Virtual reality brings dog's anatomy to life for veterinary students
Sara Farthing, a first-year student in the Virginia-Maryland College of Veterinary Medicine at Virginia Tech, needed a mental picture.
As she practiced clinical exams on dogs during a lab, Farthing could not picture the canine’s lungs and the way the heart is positioned inside the chest.
So she walked across the room and slipped on a virtual reality (VR) headset. Suddenly, she could see a large picture of a dog’s lungs and skeletal structure floating in mid-air in front of her.
“I literally stood inside the rib cage,” Farthing said.
The aspiring small animal veterinarian was using a new technology available this semester at the college that brings a dog’s anatomy to life.
The VR experience, created by Thomas Tucker, an associate professor in Virginia Tech's School of Visual Arts and fellow with the Institute for Creativity, Arts, and Technology, shows up close the organs inside the skeletal system of a mid-sized dog. By moving and clicking a button, users can see layers of tissue, zoom in on certain organs, and step into parts of a virtual dog’s body.
There is no other way to study a dog’s organs and bone structure as intensively, said Michael Nappier, an assistant professor of community practice in the veterinary college’s Department of Small Animal Clinical Sciences. Nappier teaches clinical skills education and a physical exam lab for first-year students.
When the college switched curriculum models three years ago, Nappier noticed that students were struggling to connect their anatomy classes with what they were learning when they physically examined dogs. The anatomy was taught concurrently with the physical examination, instead of beforehand.
“I needed a different teaching method,” Nappier said. “They [students] don’t have the mental picture. I wanted to develop a way for this to be in the lab and to work with the dogs, so that the mental picture is inside of your head.”
Other ways that students may study a dog’s body parts involve examining drawings and cadavers. But in most of these cases, dogs are not standing on four legs as they would be during a typical veterinary examination. The new VR experience shows an image of a dog standing.
Nappier heard about Tucker’s past work with VR and puppy motion capture, a visualization tool to study a puppy’s social behavior. He contacted Tucker about his idea, and Tucker ran with it.
Since then, Tucker and five graduate and undergraduate students, most all creative technologies majors, have been crafting this 3D VR image of a dog by using CT scans to place the organs correctly. They also worked with Bonnie Smith, an associate professor of anatomy in the college’s Department of Biomedical Sciences and Pathobiology, to name the bones in a dog’s body and to position them correctly.
Unreal Engine, used by video game developers, is the software that runs this technology.
The project received a $3,000 University Libraries Open Education Faculty Initiative Grant, which requires that the software be publicly released under an open license for use by other universities and veterinarians as part of Virginia Tech’s land-grant mission.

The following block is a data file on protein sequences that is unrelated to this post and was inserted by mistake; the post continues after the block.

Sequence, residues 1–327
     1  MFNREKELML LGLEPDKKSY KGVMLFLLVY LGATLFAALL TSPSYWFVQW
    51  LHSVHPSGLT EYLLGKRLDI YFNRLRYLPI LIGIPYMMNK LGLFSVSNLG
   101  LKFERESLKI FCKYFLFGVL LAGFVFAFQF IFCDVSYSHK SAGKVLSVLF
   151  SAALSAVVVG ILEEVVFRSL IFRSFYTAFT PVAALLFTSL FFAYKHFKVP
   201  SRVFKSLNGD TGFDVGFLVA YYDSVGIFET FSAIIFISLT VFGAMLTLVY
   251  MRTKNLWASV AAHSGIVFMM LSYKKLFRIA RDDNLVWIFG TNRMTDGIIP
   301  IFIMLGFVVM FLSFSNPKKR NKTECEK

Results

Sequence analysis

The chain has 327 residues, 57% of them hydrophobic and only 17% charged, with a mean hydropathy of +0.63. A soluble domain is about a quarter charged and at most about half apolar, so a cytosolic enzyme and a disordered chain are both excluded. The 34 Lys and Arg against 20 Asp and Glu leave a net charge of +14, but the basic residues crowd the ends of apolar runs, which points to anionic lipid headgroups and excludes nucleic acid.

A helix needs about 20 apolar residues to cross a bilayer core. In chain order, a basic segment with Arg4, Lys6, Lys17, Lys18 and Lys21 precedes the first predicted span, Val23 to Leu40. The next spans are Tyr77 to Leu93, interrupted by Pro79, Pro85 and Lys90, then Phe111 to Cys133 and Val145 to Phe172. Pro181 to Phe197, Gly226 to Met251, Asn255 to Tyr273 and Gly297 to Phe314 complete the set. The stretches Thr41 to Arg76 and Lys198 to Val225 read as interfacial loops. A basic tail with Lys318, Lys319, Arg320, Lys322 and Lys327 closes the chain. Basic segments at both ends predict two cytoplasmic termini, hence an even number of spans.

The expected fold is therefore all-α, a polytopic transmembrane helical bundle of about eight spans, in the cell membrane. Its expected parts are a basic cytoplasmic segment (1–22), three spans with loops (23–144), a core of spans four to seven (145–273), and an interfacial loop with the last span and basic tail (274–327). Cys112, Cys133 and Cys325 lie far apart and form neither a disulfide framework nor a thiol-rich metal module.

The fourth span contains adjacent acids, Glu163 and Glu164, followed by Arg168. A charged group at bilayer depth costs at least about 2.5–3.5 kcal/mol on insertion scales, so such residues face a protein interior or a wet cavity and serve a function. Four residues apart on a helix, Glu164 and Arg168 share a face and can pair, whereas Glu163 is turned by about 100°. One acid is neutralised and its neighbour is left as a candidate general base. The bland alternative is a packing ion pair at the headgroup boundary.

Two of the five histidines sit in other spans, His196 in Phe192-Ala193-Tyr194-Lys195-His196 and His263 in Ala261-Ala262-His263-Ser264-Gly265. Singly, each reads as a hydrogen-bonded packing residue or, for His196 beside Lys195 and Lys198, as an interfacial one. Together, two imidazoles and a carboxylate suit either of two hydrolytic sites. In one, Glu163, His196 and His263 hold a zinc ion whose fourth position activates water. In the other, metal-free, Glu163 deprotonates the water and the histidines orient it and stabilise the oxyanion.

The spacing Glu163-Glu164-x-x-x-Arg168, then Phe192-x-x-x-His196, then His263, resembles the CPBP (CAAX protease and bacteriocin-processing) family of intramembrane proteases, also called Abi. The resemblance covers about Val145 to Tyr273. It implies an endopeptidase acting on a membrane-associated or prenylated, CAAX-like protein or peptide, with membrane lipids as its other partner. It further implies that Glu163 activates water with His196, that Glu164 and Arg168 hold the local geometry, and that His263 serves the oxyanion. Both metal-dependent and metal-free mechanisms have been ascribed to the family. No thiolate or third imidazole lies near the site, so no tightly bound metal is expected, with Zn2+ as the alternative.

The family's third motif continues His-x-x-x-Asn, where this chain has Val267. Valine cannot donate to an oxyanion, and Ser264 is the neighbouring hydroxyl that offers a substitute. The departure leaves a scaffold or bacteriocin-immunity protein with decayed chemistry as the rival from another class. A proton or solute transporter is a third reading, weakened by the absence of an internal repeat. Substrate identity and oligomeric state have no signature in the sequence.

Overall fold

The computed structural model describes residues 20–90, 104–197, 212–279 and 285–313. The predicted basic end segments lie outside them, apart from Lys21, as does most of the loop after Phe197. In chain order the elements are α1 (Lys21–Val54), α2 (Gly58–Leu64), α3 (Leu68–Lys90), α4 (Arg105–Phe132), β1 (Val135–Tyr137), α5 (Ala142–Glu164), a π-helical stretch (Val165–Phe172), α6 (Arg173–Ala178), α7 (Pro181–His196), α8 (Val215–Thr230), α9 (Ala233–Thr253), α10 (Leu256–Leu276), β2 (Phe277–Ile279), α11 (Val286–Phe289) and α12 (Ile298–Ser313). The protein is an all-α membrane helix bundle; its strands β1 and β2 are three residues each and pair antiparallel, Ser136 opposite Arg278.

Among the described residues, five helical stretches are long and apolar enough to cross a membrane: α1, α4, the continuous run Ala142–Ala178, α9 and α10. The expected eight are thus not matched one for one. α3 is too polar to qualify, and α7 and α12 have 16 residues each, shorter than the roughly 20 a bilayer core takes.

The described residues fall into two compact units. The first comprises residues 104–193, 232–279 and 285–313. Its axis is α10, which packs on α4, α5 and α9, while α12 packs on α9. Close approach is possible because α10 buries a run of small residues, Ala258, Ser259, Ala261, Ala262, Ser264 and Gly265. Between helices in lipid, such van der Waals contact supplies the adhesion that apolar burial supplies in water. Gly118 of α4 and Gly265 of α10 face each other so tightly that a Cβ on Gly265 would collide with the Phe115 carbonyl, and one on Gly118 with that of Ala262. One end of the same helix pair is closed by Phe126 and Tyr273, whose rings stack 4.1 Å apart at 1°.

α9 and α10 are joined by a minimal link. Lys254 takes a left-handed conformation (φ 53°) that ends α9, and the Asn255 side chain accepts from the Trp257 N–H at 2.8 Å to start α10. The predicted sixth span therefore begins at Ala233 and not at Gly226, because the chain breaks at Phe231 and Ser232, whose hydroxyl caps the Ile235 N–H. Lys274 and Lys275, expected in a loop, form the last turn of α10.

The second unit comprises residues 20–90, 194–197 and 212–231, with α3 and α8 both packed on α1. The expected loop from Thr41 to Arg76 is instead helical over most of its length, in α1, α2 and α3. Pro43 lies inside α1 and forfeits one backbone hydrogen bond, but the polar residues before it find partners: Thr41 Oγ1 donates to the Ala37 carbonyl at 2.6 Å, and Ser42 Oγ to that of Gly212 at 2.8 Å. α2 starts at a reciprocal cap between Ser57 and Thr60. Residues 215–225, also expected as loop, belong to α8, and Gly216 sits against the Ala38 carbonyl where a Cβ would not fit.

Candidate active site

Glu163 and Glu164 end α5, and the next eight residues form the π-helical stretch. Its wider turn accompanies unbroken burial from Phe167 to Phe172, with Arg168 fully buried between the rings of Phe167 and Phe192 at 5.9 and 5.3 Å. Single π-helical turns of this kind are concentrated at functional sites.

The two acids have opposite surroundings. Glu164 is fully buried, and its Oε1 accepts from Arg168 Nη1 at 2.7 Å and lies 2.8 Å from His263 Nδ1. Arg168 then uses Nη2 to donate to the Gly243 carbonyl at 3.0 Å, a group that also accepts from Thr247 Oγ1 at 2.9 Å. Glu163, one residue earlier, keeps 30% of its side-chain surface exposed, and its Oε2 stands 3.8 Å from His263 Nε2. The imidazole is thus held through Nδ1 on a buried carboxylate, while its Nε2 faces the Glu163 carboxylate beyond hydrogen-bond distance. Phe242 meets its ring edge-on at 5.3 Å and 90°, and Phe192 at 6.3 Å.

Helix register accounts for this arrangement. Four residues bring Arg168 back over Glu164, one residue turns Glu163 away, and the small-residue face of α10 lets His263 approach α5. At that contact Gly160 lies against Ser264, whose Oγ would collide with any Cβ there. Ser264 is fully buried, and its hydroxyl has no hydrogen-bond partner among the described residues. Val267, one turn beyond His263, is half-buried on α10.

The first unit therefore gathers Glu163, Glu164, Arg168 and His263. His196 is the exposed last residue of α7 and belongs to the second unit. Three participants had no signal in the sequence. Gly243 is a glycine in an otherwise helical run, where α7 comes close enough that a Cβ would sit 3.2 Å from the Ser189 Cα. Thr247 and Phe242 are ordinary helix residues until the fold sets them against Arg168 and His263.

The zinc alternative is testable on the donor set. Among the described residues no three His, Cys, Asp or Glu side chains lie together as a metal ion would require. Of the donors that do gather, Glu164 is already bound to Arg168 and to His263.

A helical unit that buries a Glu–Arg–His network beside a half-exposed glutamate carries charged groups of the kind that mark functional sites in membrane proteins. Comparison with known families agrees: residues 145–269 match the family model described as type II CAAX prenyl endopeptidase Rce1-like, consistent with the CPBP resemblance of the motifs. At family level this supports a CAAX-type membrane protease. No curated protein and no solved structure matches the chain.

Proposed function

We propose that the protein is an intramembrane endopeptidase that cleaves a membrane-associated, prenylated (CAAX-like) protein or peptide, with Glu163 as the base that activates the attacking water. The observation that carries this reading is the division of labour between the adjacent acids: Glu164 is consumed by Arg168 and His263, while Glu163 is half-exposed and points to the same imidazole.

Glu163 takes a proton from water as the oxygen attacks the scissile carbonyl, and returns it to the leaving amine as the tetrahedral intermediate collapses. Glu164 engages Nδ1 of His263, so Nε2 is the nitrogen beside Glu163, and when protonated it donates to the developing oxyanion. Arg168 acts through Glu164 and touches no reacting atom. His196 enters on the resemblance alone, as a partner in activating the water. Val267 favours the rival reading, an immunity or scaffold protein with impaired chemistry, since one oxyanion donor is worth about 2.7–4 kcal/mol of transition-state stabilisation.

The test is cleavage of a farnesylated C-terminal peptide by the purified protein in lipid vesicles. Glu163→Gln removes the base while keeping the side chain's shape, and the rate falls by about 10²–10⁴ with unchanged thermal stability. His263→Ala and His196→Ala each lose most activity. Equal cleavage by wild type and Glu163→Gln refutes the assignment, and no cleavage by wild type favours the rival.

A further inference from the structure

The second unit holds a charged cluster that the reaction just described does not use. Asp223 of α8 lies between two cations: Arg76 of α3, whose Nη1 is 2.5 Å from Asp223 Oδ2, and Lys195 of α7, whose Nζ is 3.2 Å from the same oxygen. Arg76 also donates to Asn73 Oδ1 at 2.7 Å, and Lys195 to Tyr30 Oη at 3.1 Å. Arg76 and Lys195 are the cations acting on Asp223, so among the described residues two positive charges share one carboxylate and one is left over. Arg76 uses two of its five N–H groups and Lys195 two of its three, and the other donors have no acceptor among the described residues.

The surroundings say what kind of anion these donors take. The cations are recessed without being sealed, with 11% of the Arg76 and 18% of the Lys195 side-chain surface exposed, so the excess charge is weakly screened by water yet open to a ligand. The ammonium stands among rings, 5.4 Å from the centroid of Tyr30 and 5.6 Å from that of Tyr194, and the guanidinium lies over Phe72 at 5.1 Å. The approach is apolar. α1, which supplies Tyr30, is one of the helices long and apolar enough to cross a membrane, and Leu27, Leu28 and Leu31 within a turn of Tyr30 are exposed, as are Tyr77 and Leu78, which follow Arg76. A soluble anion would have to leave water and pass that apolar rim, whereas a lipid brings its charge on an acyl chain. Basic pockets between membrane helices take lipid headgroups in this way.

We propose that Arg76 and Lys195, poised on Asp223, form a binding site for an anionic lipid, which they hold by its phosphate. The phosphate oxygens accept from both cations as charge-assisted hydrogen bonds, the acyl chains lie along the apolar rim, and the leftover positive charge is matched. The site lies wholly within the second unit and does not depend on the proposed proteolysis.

“This open source tool brings forward the ability for students to develop a better spatial understanding,” said Anita Walz, an open education, copyright, and scholarly communication librarian for University Libraries at Virginia Tech. “If this can help them learn faster or more thoroughly, I think it’s really exciting.”
Walz directs the grant program that funded the VR project, and she leads its open educational resource research agenda.
For four sessions so far this semester, Tucker has set up the VR equipment for Nappier's afternoon lab. He and Walz stayed to assist the veterinary students.
During a recent lab, Kathryn Strait, a first-year veterinary student, put on the VR headset to study where a dog’s heart and lungs are located.
“As a visual person, it’s helpful to have a 3D understanding of how each organ relates,” said Strait. “You can see how the spleen wraps around on the left side and how the heart is oriented.”
Eventually, Nappier hopes to have a few more VR sets for his labs. He also is working with Kiri Goldbeck DeBose, head of the veterinary medicine library, to add the VR equipment to the library for students to use anytime.
Additionally, using this VR technology, Tucker is developing an augmented reality (AR) dog that would be available as a smartphone app. Nappier presented the AR dog at a veterinary conference this past summer, and there was much interest, he said.
More funding is needed, however, to make the AR project a reality.
Canines are only the beginning for Tucker. With additional grant money, he said he’d like to develop VR versions of other animals, such as pigs and cattle.
For now, VR is changing the way that Virginia Tech veterinary students like Farthing are learning. Recently, as she gazed at a dog’s lung structure with the VR headset, she said she could picture where to place her stethoscope.
“I have a mental image now,” said Farthing, who in the future plans to work in a small animal veterinary practice alongside her mother, a veterinarian in Roanoke.
Written by Jenny Kincaid Boone